That is how I see myself as a gallery owner. I want to be the bridge between spaces. I want to be the bridge between traditional jewelry and a more meaningful piece that then leads to a more artistic piece. I want to be the person who’s showing the exhibition and gets them thinking about it, but also helps them find something they feel comfortable wearing that brings them where they’re going. It’s understanding that art jewelry is a whole thing, and it’s working with the medium of jewelry as a form of expression. 

I could do different things, but I love being the bridge between not knowing what art jewelry is and then having an art jewelry collection. Then I talk to them about, “Oh, you could give it to the Smithsonian. You have a collection. You have five pieces. You’re working on a collection. This is what I think about your pieces, and this is where these could go.” Then they start bringing in their grandchildren, and then their grandchildren understand making and maybe they make a piece. It becomes a building upon a building, and it really is special.

Sharon: Did it expand into necklaces or anything else? It seems like a wonderful way to do it, a wonderful bridge like you’re talking about.

Heidi: Yes. The earring show is its own thing and it’s something people look forward to, but of course we carry 25 artists or more all year round, and they have their collections. They’ll have two beautiful pairs of earrings, and then they’ll have two stellar necklaces and a few pendants and some rings. We want to highlight their work, so whatever it is they’re working on that fully shows the breadth of what they do is what we want to show. The earring show is just a way to get them to buy into what we’re doing.

Sharon: How do you find the makers for the earrings and the other art jewelry aside from that? There are so many at your pop-ups. How do you find the makers?

Heidi: We have a call for entries that goes out. It used to be in January, but now it’s in the August or September time period. We are planning for New York City Jewelry Week. We do a call for entries worldwide. We usually have about 200 applicants, and we pick between 40 and 60, depending on what our space can do that year. It is so hard to decide because they’re so good. 

That is a way I get to know artists. Then they may end up in the gallery from that show because we get to know are we good at working together, do we collaborate well, is the work working with my audience? Sometimes I don’t care if it’s working; I just want to bring the work so people can expand. Sometimes if it’s going to be a longer-term thing, you want it to be beneficial on both sides.

Sharon: How many pieces do you usually get? You have 200 applicants, and you pick 40 to 60. Do they bring multiples of each?

Heidi: No, it’s six pairs to begin with. Some artists, we’ve sold six pairs before they even hit the wall and I’m like, “Oh, my gosh!” which is awesome. It doesn’t happen often, but when it does, it’s amazing. We’ll do an unwrapping on Instagram, and people will get excited and they’re like, “Oh, I want those, and I want those.” I’m like, “I don’t even have them in the inventory yet. Hold on.” But it’s an excitement. They don’t necessarily have production. It’s all one of a kind, but they can send six more or they can send four more. If halfway through we’ve sold half of them, we’ll send them an email and say, “Hey, can you provide us with a few more? They’ve been selling.”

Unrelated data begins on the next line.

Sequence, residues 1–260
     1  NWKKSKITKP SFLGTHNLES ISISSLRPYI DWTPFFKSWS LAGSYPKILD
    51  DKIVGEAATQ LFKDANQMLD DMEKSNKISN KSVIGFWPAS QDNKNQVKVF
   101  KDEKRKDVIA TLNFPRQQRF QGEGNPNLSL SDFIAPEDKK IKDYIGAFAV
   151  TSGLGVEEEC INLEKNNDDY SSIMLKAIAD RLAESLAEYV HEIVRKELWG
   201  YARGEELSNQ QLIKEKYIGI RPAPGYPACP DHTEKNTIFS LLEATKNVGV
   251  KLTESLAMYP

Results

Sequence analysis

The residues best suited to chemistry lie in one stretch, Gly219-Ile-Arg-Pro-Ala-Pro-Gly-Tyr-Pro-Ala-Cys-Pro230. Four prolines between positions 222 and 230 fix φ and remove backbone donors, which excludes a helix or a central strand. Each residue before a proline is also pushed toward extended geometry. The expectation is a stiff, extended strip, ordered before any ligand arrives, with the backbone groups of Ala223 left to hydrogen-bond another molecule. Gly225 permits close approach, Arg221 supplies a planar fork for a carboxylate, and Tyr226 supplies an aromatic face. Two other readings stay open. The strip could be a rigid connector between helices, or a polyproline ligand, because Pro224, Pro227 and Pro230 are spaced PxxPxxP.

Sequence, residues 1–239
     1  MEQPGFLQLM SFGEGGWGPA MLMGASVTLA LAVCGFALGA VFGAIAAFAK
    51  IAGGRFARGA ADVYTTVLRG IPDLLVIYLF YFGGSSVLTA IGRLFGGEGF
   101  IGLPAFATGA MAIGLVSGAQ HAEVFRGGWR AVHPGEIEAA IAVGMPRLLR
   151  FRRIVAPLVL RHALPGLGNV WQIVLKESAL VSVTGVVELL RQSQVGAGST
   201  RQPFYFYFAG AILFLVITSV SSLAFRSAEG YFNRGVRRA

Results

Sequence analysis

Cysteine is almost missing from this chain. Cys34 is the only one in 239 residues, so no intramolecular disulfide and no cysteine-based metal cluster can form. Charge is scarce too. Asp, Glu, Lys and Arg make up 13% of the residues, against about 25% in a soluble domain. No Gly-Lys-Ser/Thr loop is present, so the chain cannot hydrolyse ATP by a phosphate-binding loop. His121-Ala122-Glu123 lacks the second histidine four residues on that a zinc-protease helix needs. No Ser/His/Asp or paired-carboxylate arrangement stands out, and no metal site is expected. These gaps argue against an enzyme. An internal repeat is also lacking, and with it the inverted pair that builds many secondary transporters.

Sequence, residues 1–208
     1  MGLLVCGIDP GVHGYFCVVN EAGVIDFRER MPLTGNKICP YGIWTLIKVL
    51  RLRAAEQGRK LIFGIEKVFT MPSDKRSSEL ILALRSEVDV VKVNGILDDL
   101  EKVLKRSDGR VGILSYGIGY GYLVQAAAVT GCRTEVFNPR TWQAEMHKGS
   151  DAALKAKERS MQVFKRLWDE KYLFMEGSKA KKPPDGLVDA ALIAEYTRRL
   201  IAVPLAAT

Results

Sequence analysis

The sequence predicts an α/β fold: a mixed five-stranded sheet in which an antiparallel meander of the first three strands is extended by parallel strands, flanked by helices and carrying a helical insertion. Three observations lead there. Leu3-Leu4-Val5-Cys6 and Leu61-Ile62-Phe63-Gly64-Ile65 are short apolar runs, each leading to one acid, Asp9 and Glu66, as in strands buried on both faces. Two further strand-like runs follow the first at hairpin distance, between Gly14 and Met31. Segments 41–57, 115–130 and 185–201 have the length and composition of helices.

Sharon: Do you find that they come from a particular area in the world? I presume that most of them come from the States, but do they come from France or Germany?

Heidi: Yeah, all over. We sometimes will get Metalwerx from Massachusetts. I think one year they made an effort to push their students and their employees and people they know, so we got like 25 applicants from Metalwerx in Massachusetts, which is so cool. Usually, it’s somebody who has seen it a few times and they want to be part of it. It’s a great show to highlight emerging artists and a great way to get your first yes. I love to be the first yes. 

Sharon: It’s a good point, the first yes. 

Heidi: It’s an honor to be someone’s first yes on both sides. I have tons of artists who have been with me for a long time, but I was their first yes. A lot of galleries will say, “We only work with artists who have been in the field for five years.” Well, you’ve got to start somewhere. You’re going to end up as a banker otherwise, and most of us don’t want to end up as a banker. I really take that seriously. I will take a risk, which is not that much of a risk for either of us. We’re just trying to show work that’s cool and innovative and fun and thoughtful. It’s a way to get to know new artists and a way to push people, to get them to know that their work is worth making. Sometimes people struggle with that if there aren’t some yeses, because you need those.

Sharon: Do people come to you during the year and say, “How do I become part of this?”

Heidi: Yeah.

Sharon: Are there some that you consider art jewelry and some that you don’t out of the earrings or jewelry that is submitted?

Heidi: Well, they’re all made by artists. We want them all to be one of a kind, made by artists, and we want there to be a variety. There are some that appeal to someone who’s a little more conservative in their dress, and there are some that are really out there in the way they’re speaking about a current event, or they are asking a lot of the wearer. So, we like to have a wide grouping, and we really do think about the grouping. One year I felt like we had all oxidized black jewelry, and I was like, “How did we end up with this?” You want there to be a lovely variety for people to choose from and see. 

We realized we overdid that variety one year when we decided to change our display a little bit. We used to put jewelry everywhere. Every head was a different pair, and then we made every row a different person. So, there are five pairs on display in each row. It gives people a little space in their heads to say, “Oh, this is this person’s work. I understand it better because I’ve seen five pieces,” and “Oh, this is what I have to choose from.” Sometimes things take a long time. I think it took us seven years to get to that, but that’s what it takes.

Sharon: We will have photos posted on the website. Please head to The JewelryJourney.com to check them out.

Sharon Berman